As I mentioned, the trulli are a popular accommodation and since they are a traditional type of building they aren’t unlimited. So, even if you normally play things by ear it’s worth booking at least a trullo ahead of time.
This trullo near Ostuni is a bit more rustic (like the one we stayed) and more budget-friendly, while this trullo near Ceglie Messapica is more luxury-style with a swimming pool and hotel-like amenities.
Many properties on Booking.com offer free cancellation until a certain date, so you can book a trullo ‘just to have it’ at the current price, even if the rest of your itinerary is still undecided.
Some highlights in Puglia
Finally, let me share with you some of the places I most enjoyed in Puglia.
Since we had a car, we made no firm plans on what to do each day and mostly went by our whims. So, this is not intended as a definitive top-places-to-see list, just some of our personal highlights.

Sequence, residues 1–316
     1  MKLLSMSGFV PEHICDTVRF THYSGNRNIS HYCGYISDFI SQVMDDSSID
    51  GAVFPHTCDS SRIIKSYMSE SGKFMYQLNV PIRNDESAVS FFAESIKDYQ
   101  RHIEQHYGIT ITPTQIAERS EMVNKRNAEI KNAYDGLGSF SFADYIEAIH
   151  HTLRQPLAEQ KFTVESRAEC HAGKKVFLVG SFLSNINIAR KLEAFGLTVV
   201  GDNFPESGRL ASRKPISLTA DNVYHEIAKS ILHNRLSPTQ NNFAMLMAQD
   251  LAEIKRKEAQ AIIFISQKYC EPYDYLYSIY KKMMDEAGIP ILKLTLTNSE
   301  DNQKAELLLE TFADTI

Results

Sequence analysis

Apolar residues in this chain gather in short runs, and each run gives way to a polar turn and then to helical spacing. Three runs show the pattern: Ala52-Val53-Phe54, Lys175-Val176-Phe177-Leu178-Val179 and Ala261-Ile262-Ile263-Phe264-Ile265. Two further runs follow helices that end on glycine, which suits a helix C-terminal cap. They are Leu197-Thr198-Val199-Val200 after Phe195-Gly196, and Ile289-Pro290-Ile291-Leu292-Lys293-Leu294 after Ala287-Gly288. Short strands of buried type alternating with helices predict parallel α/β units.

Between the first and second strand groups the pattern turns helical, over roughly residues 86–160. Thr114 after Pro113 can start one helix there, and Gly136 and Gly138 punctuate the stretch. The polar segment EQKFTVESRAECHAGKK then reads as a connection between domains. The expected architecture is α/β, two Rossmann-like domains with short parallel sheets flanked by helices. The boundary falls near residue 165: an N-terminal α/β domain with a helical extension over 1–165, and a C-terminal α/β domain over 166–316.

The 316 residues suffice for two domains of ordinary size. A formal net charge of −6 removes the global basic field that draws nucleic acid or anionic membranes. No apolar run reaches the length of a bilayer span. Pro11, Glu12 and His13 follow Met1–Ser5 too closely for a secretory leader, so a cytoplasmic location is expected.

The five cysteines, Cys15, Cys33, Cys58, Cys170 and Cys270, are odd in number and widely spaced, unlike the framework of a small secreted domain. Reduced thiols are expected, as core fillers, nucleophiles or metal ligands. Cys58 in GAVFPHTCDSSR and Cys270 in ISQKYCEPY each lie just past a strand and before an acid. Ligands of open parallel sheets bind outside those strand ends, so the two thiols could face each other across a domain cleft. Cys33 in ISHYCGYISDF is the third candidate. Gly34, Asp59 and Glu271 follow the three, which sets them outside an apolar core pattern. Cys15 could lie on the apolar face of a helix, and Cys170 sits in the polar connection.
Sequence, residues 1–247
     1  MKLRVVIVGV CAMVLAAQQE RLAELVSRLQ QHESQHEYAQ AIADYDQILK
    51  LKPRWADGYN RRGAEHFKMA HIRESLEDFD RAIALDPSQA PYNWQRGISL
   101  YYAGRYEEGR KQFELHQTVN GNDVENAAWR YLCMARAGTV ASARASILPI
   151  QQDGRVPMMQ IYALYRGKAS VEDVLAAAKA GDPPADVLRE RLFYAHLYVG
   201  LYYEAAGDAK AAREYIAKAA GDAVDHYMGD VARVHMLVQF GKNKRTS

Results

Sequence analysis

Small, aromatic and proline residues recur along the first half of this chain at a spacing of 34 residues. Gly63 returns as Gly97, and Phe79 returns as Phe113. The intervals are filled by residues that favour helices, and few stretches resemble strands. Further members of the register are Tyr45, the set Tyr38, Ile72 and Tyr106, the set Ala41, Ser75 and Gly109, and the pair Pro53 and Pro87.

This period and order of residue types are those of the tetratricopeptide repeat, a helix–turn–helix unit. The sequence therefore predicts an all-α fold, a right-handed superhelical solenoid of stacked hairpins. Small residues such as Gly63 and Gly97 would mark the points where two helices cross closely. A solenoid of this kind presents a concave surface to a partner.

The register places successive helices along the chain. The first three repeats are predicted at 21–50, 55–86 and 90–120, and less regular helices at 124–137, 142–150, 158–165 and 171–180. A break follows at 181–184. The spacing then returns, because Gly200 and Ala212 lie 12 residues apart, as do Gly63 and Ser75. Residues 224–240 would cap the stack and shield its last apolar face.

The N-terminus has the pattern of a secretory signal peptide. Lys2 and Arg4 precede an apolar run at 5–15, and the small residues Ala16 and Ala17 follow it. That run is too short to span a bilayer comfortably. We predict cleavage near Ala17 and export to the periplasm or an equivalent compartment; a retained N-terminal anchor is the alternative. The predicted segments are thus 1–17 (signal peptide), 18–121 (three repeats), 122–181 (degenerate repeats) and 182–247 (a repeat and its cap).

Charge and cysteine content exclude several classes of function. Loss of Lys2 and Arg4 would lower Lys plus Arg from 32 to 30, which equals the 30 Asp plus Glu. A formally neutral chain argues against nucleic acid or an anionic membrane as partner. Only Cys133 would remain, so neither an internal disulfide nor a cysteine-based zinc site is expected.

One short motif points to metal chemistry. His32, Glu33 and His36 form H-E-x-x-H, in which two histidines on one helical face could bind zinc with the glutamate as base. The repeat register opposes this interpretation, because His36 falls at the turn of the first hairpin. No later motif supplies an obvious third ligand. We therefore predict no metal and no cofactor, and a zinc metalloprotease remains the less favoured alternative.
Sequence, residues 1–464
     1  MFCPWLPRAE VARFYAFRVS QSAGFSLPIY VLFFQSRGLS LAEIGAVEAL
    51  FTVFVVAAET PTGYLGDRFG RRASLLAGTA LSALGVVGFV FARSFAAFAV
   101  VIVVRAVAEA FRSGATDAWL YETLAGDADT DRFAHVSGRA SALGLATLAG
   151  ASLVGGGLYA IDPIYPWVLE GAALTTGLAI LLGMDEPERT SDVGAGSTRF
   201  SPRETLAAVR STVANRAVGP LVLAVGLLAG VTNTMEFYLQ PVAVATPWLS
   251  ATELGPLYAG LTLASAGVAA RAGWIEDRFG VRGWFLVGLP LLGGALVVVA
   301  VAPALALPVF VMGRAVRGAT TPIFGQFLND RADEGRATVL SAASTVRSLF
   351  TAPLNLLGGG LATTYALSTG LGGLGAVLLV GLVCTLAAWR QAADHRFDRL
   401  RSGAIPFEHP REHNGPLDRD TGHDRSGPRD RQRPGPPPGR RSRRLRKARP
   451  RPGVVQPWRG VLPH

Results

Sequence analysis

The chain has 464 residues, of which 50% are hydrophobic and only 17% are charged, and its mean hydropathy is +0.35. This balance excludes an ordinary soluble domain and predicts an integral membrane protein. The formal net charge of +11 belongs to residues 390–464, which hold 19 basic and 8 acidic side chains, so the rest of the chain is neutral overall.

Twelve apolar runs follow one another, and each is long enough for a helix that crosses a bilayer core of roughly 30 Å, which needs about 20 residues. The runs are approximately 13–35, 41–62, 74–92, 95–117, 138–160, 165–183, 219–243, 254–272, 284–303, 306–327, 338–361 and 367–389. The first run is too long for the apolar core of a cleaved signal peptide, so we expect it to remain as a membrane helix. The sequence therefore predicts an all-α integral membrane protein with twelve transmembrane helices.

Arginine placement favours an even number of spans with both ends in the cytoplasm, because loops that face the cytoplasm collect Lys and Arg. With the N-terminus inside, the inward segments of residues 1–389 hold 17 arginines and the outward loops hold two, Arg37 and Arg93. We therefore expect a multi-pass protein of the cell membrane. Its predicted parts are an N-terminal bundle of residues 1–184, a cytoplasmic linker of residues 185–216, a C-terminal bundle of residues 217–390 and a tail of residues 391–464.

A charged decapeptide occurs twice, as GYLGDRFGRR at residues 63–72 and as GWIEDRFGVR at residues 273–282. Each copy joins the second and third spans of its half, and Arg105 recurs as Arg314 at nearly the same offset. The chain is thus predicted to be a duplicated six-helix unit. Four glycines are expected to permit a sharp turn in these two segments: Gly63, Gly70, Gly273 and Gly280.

Our first stop was the seaside town of Monopoli on the Adriatic coast. We only stopped for lunch and a stroll here, but I loved the atmosphere and the old castle walls. I thought it would have made for a great base to explore the west of Puglia.
Moving a bit further east, the pearly white city of Ostuni left a big impression on me. As we approached through the valley, it appeared glistening atop a pinnacle like some smaller real-life version of Minas Tirith from Lord of the Rings.
Inside its walls, Ostuni quickly pulls you into an intriguing maze of little streets, vine-covered patios, and narrow stairs. When visiting in June, there was a wonderful sense of calm and solitude in the old city.
Not far from Ostuni are the sandy beaches of Pilone. Honestly, it seemed like you could find some fine beaches anywhere along the coast — this one just happened to be close to Ostuni, letting us enjoy some warm Mediterranian waters and grab drinks and lunch at one of the beach clubs.